"I would've been there pulling him back. He made an unfortunate mistake, but I'm not going to fault the kid. I want him to play tough and nasty. There are a lot of guys on that staff that I'm close to. Here's what I would say that's a compliment to Jim Schwartz, we're talking about the Detroit Lions being tough and good. What everybody wants to talk about you Jim, all of a sudden now they're criticizing you for being tough and good. They haven't won there in a long time. Go ahead and take it with a grain of salt. Live on the edge, play on the edge, never hurt the team. He hurt the team. He shouldn't have hurt the team, but he has to play hard. This is a fist fight in a phone booth for three and a half hours when you play linemen in this league. He fell off the edge and shouldn't have hurt the team. I'd love to correct him. I'd love to have a personality to get a chance to coach him to correct him."
How to you handle Isa Abdul-Quddus' hit?
"It was a good hit. Whoever wants to say it was whatever it was, the kid is everything in the world. We're teasing him all of a sudden because we can't find helmet-to-helmet contact. That's what you're supposed to do. I'm all for not hurting anybody, but it's part of playing pass defense. How come that quarterback made that throw? The quarterback made a dumb throw and shouldn't have hung his man out to dry. I tell that to Drew all the time. Don't hang your man out to dry. We've been teasing Isa that if he made helmet-to-helmet contact, maybe he has a bobblehead and he has too big of a helmet on. That's what you want him to do. We coach the strike zone and where it's supposed to be. Isa honestly thought he was in that zone and when I'm slowing the film down, I can't tell him differently. It just is what it is. I feel for the officials when they have to make that call because they're doing their job too. It's unfortunate, but again the quarterback made a bad choice. He shouldn't have thrown the ball there."
New Orleans Saints Offensive Coordinator Pete Carmichael
Friday, December 2nd, 2011
How much do you attribute the offense's success to the multiple packages?
"I think one of the tough things is for a defense to recognize who is coming on the field and who is coming off the field. I would say we are very multiple and that is a benefit for us. We don't signal who is coming in for the personnel groupings for the other team to recognize who is coming on the field. We do a good job of getting guys on the field when we are throwing it and getting those same guys on the field when we are running it. Just mixing it up. It's something they have to be prepared for."
Is that rare, common, or would you say the Saints are more multiple in comparison with other teams?
"I think we are pretty multiple compared to some other teams. We have been here for six years. The way our terminology is, you say it and everybody knows who is on the field and who is off the field. I think our players do a good job of that. That's a pretty smooth transition. Drew (Brees) does a really good job of relaying the information to the players that are out there. Curtis Johnson yells out from the sideline who is coming on so the players all stand there and hear him. Coming up to the week, they know that if that personnel grouping is called, they are in or they are out."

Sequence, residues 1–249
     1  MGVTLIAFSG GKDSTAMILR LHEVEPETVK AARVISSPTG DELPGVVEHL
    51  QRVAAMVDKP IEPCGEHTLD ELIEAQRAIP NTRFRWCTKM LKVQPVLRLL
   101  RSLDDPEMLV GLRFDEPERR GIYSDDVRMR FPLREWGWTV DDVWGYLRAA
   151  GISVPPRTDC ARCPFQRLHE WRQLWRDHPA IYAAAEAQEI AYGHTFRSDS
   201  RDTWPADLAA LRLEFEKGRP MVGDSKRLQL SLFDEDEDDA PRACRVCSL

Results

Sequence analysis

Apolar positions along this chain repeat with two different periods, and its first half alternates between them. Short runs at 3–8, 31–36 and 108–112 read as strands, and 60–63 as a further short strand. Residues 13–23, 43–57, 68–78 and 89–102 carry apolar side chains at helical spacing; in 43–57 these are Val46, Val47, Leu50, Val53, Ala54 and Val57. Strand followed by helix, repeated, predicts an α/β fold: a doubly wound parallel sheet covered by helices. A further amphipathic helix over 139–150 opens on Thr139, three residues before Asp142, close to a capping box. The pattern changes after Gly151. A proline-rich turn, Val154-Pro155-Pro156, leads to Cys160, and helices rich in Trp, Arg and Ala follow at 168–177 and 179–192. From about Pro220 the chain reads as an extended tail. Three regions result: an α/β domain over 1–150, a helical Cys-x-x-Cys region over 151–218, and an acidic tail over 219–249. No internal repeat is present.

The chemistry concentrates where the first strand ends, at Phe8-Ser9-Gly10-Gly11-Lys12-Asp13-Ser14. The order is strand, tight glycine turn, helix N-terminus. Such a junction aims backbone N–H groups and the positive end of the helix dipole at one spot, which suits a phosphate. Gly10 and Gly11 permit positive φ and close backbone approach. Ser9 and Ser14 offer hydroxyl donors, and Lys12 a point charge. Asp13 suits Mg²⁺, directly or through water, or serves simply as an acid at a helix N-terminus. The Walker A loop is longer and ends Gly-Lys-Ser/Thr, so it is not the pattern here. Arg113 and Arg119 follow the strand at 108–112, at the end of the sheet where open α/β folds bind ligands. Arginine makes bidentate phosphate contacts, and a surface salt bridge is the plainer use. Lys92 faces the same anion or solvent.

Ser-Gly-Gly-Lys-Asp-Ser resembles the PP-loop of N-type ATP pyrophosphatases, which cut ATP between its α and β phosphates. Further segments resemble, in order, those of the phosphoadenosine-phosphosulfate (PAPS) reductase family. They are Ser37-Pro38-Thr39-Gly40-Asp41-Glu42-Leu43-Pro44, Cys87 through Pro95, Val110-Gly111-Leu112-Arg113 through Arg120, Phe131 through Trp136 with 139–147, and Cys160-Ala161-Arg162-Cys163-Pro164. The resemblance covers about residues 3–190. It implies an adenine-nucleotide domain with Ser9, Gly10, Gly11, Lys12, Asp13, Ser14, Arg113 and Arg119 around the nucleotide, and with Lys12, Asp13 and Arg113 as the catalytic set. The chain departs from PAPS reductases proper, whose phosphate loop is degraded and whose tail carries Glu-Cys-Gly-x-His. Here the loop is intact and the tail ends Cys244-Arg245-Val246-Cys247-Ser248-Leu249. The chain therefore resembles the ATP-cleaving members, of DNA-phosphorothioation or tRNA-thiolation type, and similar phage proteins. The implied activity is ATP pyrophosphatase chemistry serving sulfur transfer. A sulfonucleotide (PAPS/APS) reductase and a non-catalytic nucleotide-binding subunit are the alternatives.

Is there a reason you don't signal?
"The main reason with Sean (Payton) is that it gives the defense an advantage. If they see the signal than they don't have to worry about recognizing the eleven guys on the field. They don't have to recognize anything other than here is him and here is him."
If Robert Meachem is running a go route 40 yards down field, how does he know if he is staying in or coming out?
"Ok, so Meachem is running a go route. He will see Devery (Henderson) come on and say 'hey, go ahead'. He is looking for that. They are used to doing that. If a guy runs a deep go route, the guy is going to be ready for the next play, and he is probably going to be off on the next play. Receivers have a good knack for knowing, 'hey, I know you just ran a couple go routes and am tired, I got you.'"
How can you do so much of that and avoid twelve men in the huddle and other penalties?
"The main problem, if there was a problem, was probably from the play-callers fault, making sure that Drew gets it. If he doesn't get the personnel, that's on us to make sure that he gets it and the players are getting it."
In the last game, Drew Brees was able to step back from the huddle to avoid a penalty…
"He does a really good job recognizing that. That was me getting in there a little bit late with a call and he did a great job stepping out and got the right personnel on."
On Drew's ability to read the defense…
"He sees everything. He is one of the best at it. Defenses, sometimes, will give us a different look than what we anticipated. He has it down. That is a strength of his."
Is that due to Monday through Saturday work?
"He does such a great job preparing. Another thing is that he always anticipates on what if he doesn't get a look. He always has this visualization on what he might have to adjust to. It's easy for him to go out there and they just called this play and we are expecting this coverage, it's going to be easy. He does a great job knowing what if it is not that coverage and his next throw."
He deliberately stands between the huddle and the sideline, is that because of the multiple?
"Yeah. He is going to stay out until he makes sure that the right group is in the huddle. Then we get in there and go."